1- 4 Position DIP Switch
1 - 220 Ohm Resistor
1 - 1K Ohm Resistor
1 - 2.2K Ohm Resistor
1 - 470 Ohm Resistor

Tools used in video

FlashForge Creator Pro - 3D printer
HATCHBOX - ABS Filament (Black)
Hakki FX888D - Soldering Station
Aven 17010 - Circuit Board Holder
22 Gauge - Solid Wire
22 Gauge - Stranded Wire







Auduino Synth build for the Arduino Nano

In my recent LIVE from the Lab Youtube stream, I built up an Auduino Granular Synth using an Arduino Nano and a handful of parts. You can watch the VOD of the session below.

This is a relatively simple (but extremely fun) project that demonstrates how quickly you can build a fully functioning Synth and control it with Midi. **NOTE - This project uses old school 5-Pin Midi only so you will need a Midi interface to connect it to your PC**

Download the code and schematics HERE and follow the video for the complete tutorial. Enjoy!!


Sunday, 22 January 2017

Twitch Switch - Part 4

User Guide


To finish up the Twitch Switch project I am posting a User Guide that shows how to configure the device and set it up in OBS Studio.

The Twitch Switch has a built-in configuration menu system that uses a standard Text Document for communication. To program the Twitch Switch do the following:

1. Open a new Text Document on your desktop. The Twitch Switch will type out the configuration menu in this document.

2. Hold the STEAM, MIC, and PC keys simultaneously for three seconds to enter KEY EDIT MODE. Follow the on-screen instructions to set the Keys and Modifiers (CTRL,SHIFT,ALT). You can set up to two modifier keys per button.

3. Hold the SCENE1, SCENE2, SCENE3, and SCENE4 keys simultaneously for three seconds to enter UTILITY MODE. Here you can set the Debounce Time (this prevents false readings due to contact bounce) and the Delay Time. The Delay Time is used to insert a small pause between the Modifier and the Key press. OBS seems to not register key presses if two keys are pressed at the same time.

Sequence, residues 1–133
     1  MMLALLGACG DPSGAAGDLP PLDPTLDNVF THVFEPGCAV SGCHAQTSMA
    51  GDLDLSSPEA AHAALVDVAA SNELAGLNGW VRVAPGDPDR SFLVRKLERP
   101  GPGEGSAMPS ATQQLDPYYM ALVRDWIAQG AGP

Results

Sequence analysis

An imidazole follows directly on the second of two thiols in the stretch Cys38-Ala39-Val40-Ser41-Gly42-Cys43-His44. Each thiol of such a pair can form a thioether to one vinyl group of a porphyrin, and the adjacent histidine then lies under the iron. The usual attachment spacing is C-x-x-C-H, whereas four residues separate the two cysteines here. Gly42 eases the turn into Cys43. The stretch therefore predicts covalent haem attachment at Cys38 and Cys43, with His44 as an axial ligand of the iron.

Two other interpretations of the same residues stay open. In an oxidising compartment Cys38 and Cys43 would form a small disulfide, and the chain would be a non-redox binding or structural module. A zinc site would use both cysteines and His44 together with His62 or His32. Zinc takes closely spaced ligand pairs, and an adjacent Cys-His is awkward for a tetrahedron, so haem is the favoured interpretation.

Watch the video below for a full demonstration! HAPPY TWITCHING!

Saturday, 21 January 2017

Twitch Switch - Part 3

Load the Code


If you have made it this far you should be admiring your newly constructed Twitch Switch. Now we need to add the brains to this beauty.

First, download the Twitch Switch Software by clicking the link.

Uploading the program to the Teensy LC board at the heart of the Twitch Switch will require two pieces of software:

1 - Arduino IDE: This is the standard software used to program the Adruino family of microcontroller boards. If you are an Arduino user, you probably have this already on your PC. If not, follow the link to visit the website.

2 - Teensyduino Add-On: This is a software add-on for the Arduino IDE that adds the extra functionality needed to program the Teensy series.
NOTE: Check the information on the Teensyduino download page to find the latest supported version of the Arduino IDE. Sometimes it takes a while before new versions are supported so you may need to use an older version of the Arduino software for this to work.

Now, install the Arduino and Teensyduino software and upload the Twitch Switch program. Watch this video for a step by step guide.

Sunday, 27 November 2016

Twitch Switch - Part 2

Construction Ahead


In this instalment of the Twitch Switch project, we will assemble the components and complete the wiring. Check out Part 1 of this project if you haven't already. Once you're up to speed, watch the video below for step by step instructions.



Wire it up!


Here is a handy wiring diagram for your reference. Just follow the numbers and connect the dots. A soldering iron with a sharp tip and a magnifying glass will help you connect the wires to the Teensy-LC (they don't call it a Teensy for nothing).